Tetris gone wrong: 2010

Have been watching a bit of the Olympics on the telly – discovered on

Saturday from Simon & Cath that pressing the red button on the
remote takes you down the rabbit hole… I mean, takes you to a
subchannel that is totally devoted the Olympics!  There is a new luge
sport – skeleton luge, where instead of going feet first down the
track, one goes head first.  Pretty scary.

The other day I passed by a UPS truck which had this on its side:

This is the official logo for the 2012 Olympics in London.  I didn’t know it until I googled it, but the weird tetris-gone-wrong shape is in fact a representation of the numbers 2012. Not sure about the weird dot by the second 2, but there you go.  I am astounded that this cost £400,000 to create.  It boggles the mind.  I have to say I am with the NY Times on this one.  This is their take on the logo:

The Tetris-on-crack look aside – this is supposed to represent London – historically, culturally, socially, and inspire youth to join the Olympics.  I can’t say I’m that inspired by it, though I also can’t say I’m much of a youth anymore!   Actually I am embarrassed that a city with so much going for it should create such a crappy logo.  But the Games will of course be so much more than the corporate logo (I hope).  While I think the political machinations of the Olympic Committee are wholly outside the spirit of the games and they ought to be heartily ashamed of themselves, the opportunities the Games afford young athletes from various countries outweigh and to a certain degree, are outside what those crafty old silver backs get up to.  The Taiwanese ski team, the Jamaican bobsled team for example. The ability for people from wholly different political systems to get together for a common goal.  So totally unexpected and yet so incredibly awesome that those guys can get out there, train and compete in an international event.

Anyways,  I am intrigued to see what kind of mascot London will have for the summer games.  There have been some really great mascots, and some, ah, more ‘interesting’ examples.   For your enjoyment, I’ve rounded up most of the mascots (except the Mexico games, I couldn’t find images for them): Crap none of my images came across.  So check out the images here and quite a funny write up!

Schuss, 1968 Grenoble.

Schuss. A skier. He was an unofficial mascot for the games, but since Schuss, every single game has had a mascot.

Waldi, 1972 Munich

Waldi’s a daschund, which apparently is a popular breed in Bavaria.  Waldi epresented the attributes required for athletes – Resistance, Tenacity and Agility.

Schneeman, 1976 Innsbruck

Wiki says he represents the Games of Simplicity. No idea what that is.

Amik, 1976 Montreal

Beaver.  Flying the flag. Pretty cool, and I think Sue Sylvester is awesome too, but not sure that is what they were aiming for.

Roni, 1980 Lake Placid

Wiki says: “Its face design resembles the hat and goggles used by competitors. Named for the Adirondack Mountain range.”  I think he looks a little bit like a washing machine repairman but maybe it’s a skating outfit.

Misha, 1980 Moscow

Misha was hugely popular and the first major mascot in an Olympic Games – and of course the bear is the national symbol for Russia.

Vučko, 1984 Sarajevo

Symbolizing the desire of humans to befriend animals. According to the
IOC, it helped change the common perception in the region of wolves as
frightening and blood-thirsty.  A bit tangental to the games, but hey, marketing is marketing.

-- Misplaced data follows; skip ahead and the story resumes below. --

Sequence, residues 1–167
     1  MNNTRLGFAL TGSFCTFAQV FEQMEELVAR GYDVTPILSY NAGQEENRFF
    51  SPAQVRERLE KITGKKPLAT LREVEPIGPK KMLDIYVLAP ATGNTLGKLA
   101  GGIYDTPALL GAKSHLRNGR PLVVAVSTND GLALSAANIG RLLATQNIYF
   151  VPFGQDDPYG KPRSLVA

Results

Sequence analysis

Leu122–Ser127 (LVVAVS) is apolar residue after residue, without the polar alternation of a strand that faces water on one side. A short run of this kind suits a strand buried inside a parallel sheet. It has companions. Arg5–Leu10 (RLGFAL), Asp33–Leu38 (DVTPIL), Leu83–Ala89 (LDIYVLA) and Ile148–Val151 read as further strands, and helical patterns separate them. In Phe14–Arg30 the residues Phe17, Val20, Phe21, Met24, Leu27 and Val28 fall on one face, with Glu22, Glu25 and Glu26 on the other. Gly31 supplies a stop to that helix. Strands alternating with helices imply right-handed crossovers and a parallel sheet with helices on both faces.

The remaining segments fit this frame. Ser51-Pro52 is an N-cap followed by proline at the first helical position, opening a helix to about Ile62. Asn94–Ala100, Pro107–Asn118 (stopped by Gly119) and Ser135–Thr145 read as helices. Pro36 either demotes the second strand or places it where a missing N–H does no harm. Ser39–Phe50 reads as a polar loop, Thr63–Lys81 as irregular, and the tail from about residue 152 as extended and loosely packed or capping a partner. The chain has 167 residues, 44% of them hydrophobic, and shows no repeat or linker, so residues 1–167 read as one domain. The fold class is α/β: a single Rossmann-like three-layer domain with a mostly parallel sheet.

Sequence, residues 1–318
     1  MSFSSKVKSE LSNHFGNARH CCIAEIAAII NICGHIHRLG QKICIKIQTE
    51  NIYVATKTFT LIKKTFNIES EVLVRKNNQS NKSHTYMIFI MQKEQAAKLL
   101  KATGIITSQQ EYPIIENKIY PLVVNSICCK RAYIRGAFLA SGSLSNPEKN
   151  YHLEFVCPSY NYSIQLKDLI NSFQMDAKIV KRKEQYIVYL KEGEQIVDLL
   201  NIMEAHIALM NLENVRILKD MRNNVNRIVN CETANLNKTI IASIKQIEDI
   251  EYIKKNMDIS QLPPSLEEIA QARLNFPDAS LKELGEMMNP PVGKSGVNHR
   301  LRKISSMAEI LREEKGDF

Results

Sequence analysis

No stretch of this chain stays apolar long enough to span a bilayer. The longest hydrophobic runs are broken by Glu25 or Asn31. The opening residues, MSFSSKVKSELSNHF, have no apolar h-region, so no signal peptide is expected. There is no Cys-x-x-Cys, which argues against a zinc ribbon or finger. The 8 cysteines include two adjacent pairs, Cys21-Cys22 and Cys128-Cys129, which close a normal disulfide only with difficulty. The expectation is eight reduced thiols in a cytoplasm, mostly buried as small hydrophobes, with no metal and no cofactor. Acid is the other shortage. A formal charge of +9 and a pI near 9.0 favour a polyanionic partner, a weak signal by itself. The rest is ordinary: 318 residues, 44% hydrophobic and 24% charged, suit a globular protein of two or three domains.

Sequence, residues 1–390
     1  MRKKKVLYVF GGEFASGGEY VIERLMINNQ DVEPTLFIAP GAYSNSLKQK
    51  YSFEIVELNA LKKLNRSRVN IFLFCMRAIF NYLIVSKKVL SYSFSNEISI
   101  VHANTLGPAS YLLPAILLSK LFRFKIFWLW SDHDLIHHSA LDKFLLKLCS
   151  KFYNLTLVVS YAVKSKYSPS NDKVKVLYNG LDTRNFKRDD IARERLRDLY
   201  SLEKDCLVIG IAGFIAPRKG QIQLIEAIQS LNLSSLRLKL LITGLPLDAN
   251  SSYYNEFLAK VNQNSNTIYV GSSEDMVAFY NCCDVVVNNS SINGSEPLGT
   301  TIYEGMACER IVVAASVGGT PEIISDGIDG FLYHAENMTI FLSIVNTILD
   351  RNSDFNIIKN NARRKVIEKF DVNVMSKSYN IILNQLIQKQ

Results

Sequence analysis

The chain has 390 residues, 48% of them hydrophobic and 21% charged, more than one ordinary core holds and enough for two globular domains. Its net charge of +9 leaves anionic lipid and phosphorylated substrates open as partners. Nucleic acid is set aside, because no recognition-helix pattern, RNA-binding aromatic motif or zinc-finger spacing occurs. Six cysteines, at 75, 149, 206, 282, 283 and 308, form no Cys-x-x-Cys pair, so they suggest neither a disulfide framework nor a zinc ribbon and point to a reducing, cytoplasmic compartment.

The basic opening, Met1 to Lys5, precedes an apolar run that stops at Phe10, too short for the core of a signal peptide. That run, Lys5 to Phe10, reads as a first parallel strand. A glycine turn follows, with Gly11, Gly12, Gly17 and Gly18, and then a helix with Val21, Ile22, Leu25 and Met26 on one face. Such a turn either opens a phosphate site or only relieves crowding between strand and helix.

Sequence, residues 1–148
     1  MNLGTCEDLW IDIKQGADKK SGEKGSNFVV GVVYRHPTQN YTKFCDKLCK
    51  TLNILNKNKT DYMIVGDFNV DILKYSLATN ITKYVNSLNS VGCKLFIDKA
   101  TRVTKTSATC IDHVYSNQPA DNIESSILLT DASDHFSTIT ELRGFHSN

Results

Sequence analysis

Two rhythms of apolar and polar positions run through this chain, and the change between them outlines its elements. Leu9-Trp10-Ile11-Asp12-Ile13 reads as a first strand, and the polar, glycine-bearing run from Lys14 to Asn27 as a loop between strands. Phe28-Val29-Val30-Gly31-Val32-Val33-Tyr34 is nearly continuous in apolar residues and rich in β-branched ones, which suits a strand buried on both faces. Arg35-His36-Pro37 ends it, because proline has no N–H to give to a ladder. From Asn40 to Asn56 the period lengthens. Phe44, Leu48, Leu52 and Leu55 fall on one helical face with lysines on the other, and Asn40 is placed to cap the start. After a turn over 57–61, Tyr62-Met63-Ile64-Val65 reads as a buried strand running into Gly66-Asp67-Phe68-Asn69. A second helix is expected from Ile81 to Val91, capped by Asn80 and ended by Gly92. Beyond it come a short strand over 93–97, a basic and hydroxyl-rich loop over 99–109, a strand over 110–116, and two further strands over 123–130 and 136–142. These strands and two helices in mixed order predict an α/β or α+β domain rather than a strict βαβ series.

(lost the photos for the following mascots)

Sam, 1984 LA: Designed by Robert Moore of the Walt Disney Company.  Uncle Sam.  Er, not much more to be said.

Heidi & Howdy, 1988 Calgary: Western hospitality.  Was pretty surreal to be met at the airport by 6 foot tall fuzzy bears in stetsons.

Hodori, 1988 Seoul: We’re grrrrrrrrrrrreat!  Apparently tigers feature large in Korean legends.

Magique, 1992 Albertville: No comment.

Cobi, 1992 Barcelona: From the country of Picasso and Miro, we have a cubist catalan sheepdog.  How cool is that?

Håkon and Kristin, 1994 Lillehammer: Two Norwegian kids. Getting real with the homies. I’m cool with that.

Izzy, 1996 Atlanta: The dubious honour of being the first computer generated mascot, as described by Wiki.

The Snowlets, 1998 Nagano: Sukki, Nokki, Lekki and Tsukki, representing the four major islands of Japan. The first syllable of
each name combines phonetically to create the word “Snowlets”

Syd, Olly & Millie, 2000 Sydney: Olly, a kookaburra for generosity, Syd (=Sydney duh) for the environment and energy of Australians, and Millie for the millenium.

Copper, Powder & Coal, 2002 Salt Lake City: Each one is a representation of Higher, Faster & Stronger (Olympic motto: citius, altius, fortius).

Athena & Phevros, 2004 Athens: Two children as ancient greek dolls.

Neve & Gliz, 2006 Turin: Humanised ice cubes. Riiiiight.

The Fuwa, 2008 Beijing: The 5 mascots are: Beibei (贝贝), Jingjing (晶晶), Huanhuan (欢欢), Yingying (迎迎), Nini (妮妮). Their names form the Chinese phrase “Beijing huan ying ni”(北京欢迎你),  which means “Beijing welcomes you”. Each one also represents an Olympic ring
and feung shui element.

Miga, Quatch, Mukmuk, 2010 Vancouver: Miga is a mythical sea bear (part Orca and kermode bear), Quatchi a sasquatch and Mukmuk a Vancouver Island Marmot.

So where does that leave us for the London Olympics? Personally I’d like to see a dictionary writing,
outrageous hat wearing, cigar chewing, english bulldog as a mascot.  Please let us do better than the ice cube twins.  The Guardian has a selection of 12 mascots submitted by readers – I liked the unicorn and lion from the coat of arms, and Hope & Glory – very British!  Haha and of course, I also quite enjoyed Dodgee the Olympic Hoodie.

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